In response to his request for protective custody, Booker was interviewed by Counselor Cowan and Internal Affairs (“IA”) Officer Spiller on November 17, 2015 (Doc. 115-4 at 12; see Doc. 115-2 at 2). During these interviews, Booker explained that he needed protective custody because he had been labeled a snitch and had severed ties with the GDs (Doc. 115-4 at 13). He also explained that he was attacked in October 2015 by an unknown inmate (Id. at 12). He told them he had received a letter in December 2014 threatening that if he “brought [his] sex offender ass out of PC, [he] would be killed” (Id.)[3].

         Cowan asked for the letter, but Booker had previously turned it in to another officer (Id.). She told Booker that she was not going to address the letter again (Id.). Cowan recommended that Booker's request for protective custody be denied (Doc. 115-2 at 2). She confirmed that Booker had been in a fight with another inmate, but indicated that the other inmate had a disciplinary history and there was no indication that it was related to security threat group (“STG”) activity (Id.). Cowan noted that in her interview with Booker, he was not able to provide any reasoning or verification as to why the offenders he listed on his request for protective custody were a threat to his safety (Doc. 115-3 at 2; Doc. 115-2 at 2). Cowan ultimately determined that Booker was attempting to manipulate the system in order to receive a transfer out of Menard or specific housing, as he indicated he would withdraw his request for protective custody if he was allowed to pick his cell location (Id.).

         Spiller also recommended that Booker's request for protective custody be denied (Doc. 115-2 at 2). In his written recommendation, he also indicated that Booker was attempting to manipulate the cell placement system because he was willing to sign out of protective custody if he could pick his cell location (Id.). Spiller noted that Booker was unable to identify anyone that had threatened him or any motivation for a threat (Id.).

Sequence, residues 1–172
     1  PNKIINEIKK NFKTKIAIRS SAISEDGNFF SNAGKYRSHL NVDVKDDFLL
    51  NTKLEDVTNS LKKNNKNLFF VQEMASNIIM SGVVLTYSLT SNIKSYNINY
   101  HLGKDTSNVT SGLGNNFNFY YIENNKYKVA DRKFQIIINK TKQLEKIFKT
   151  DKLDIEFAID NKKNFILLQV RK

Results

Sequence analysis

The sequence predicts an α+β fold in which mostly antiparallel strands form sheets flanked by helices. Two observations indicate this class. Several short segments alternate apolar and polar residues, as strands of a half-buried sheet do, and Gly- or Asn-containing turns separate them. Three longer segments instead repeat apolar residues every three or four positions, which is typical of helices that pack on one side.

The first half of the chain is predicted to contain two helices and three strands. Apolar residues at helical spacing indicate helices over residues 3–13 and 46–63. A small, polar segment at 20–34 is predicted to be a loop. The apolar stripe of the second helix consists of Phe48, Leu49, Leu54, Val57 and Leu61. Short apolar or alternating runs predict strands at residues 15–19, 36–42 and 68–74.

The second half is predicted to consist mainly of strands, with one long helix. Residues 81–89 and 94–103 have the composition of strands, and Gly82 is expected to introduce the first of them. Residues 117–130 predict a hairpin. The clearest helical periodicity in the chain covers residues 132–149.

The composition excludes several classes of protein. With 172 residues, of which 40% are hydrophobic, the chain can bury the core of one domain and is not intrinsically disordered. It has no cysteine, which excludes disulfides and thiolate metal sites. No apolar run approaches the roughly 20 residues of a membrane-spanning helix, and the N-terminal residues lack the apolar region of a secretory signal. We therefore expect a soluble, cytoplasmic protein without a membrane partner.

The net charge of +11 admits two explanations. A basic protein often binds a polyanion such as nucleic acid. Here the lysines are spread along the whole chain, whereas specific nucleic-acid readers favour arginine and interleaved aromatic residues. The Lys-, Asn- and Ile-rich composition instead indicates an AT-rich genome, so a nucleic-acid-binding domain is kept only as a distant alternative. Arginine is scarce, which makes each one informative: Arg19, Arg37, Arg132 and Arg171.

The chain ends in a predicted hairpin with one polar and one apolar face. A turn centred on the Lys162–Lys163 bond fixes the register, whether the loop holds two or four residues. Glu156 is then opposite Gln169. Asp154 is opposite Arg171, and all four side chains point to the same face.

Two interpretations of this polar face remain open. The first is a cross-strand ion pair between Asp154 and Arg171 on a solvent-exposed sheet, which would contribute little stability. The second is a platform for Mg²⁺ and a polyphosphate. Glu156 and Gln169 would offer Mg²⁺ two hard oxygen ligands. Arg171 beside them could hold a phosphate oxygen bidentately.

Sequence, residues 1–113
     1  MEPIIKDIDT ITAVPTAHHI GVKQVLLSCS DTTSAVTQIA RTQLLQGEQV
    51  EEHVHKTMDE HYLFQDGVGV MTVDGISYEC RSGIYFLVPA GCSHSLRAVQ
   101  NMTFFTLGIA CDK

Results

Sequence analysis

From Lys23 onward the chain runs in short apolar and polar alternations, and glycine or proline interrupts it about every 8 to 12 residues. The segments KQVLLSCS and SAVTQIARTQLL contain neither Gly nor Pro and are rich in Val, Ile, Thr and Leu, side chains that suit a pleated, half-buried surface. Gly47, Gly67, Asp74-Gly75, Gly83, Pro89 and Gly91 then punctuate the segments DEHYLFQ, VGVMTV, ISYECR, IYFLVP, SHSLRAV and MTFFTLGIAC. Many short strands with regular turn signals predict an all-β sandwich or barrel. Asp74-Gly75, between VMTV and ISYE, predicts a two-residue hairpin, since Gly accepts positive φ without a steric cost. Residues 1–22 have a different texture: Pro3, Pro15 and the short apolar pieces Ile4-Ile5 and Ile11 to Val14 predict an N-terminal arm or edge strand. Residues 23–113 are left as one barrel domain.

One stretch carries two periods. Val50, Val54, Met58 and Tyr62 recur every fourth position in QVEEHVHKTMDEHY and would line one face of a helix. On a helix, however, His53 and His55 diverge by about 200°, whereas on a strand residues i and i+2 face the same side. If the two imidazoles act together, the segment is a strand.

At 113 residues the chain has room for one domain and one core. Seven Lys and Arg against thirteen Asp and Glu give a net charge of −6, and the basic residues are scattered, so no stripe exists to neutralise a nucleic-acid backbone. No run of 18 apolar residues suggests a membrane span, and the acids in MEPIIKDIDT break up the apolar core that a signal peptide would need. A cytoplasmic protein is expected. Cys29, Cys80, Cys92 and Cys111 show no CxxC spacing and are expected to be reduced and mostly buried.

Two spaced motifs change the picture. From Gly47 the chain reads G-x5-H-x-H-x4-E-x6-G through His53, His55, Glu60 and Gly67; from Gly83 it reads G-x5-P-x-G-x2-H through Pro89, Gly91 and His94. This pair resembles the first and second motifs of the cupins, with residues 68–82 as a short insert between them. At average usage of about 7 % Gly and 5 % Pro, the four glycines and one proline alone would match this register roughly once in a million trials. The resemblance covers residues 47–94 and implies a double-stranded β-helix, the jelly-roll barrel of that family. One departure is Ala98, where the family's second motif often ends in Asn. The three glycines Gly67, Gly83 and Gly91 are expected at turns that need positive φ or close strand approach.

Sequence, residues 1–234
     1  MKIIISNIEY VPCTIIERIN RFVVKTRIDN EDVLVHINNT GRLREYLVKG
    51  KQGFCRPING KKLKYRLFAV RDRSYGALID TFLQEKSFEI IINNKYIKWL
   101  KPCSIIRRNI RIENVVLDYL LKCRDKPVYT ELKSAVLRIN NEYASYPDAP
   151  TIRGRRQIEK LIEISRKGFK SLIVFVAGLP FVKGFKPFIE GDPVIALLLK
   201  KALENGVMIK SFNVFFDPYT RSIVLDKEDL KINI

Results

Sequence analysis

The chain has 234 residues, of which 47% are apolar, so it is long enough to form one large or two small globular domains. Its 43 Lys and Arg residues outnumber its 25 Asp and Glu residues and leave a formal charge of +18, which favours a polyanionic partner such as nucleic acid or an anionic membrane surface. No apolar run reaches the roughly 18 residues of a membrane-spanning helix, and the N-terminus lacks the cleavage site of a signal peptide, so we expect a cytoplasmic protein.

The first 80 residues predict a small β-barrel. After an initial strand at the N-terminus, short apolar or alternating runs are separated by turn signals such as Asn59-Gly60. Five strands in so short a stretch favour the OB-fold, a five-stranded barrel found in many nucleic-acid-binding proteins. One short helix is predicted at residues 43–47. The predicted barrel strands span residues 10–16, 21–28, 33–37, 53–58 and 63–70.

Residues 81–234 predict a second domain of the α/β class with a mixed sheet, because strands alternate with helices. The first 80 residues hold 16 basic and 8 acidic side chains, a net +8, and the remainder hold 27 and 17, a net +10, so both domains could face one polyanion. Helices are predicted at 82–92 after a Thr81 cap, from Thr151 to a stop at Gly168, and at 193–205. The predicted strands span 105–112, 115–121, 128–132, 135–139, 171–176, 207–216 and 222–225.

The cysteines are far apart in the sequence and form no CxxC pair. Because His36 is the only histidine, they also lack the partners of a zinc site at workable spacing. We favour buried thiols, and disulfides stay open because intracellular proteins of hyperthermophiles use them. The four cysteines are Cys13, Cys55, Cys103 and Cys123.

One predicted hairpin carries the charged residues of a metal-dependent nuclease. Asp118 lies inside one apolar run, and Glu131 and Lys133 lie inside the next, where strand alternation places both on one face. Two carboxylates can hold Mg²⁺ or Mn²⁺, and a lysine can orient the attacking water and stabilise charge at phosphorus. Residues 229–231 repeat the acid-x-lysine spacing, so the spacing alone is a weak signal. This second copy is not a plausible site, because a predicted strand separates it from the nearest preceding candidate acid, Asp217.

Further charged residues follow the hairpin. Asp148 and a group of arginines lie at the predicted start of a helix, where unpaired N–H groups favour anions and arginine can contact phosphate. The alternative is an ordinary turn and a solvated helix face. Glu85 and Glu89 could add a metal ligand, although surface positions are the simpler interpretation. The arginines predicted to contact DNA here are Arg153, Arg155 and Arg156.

Warden Kimberly Butler ultimately denied Booker's request for placement in protective custody (Doc. 115-4 at 13; Doc. 115-2 at 2). Booker appealed this decision to the Administrative Review Board (“ARB”) (Doc. 115-4 at 14). On December 10, 2015, Leslie McCarty, Chairperson for the ARB, held a hearing on Booker's appeal (Id.; Doc. 115-2 at 1). At the hearing, Booker explained that he needed protective custody because he believed he was attacked in October 2015 because he is a sex offender (Doc. 115-4 at 14). Booker told McCarty he had received a letter in December 2014 that stated he would be killed if he came out of protective custody (Id.). Booker also told McCarty about refusing to do the GD's legal work and explained that they labeled him a snitch (Id.). McCarty recommended that Booker's appeal of the protective custody decision be denied (Doc. 115-2 at 1). In her written recommendation, she found Booker had not provided sufficient verifiable information to warrant his retention in protective custody and noted that the fight in October 2015 was an isolated incident and not STG affiliated (Id.). She contacted Internal Affairs and confirmed that the letter referenced by Booker was one that had already been produced, considered, and denied by the ARB in a decision on a previous protective custody request (Id.).

         IDOC Director John Baldwin's designee, Terri Anderson, concurred with McCarty's recommendation and denied Booker's appeal of his protective custody request (Doc. 115-4 at 14; Doc. 115-12 at 2). Baldwin deligated his authority to respond to these appeals and, therefore, never reviewed the same (Id.). During his deposition, Booker indicated that he ...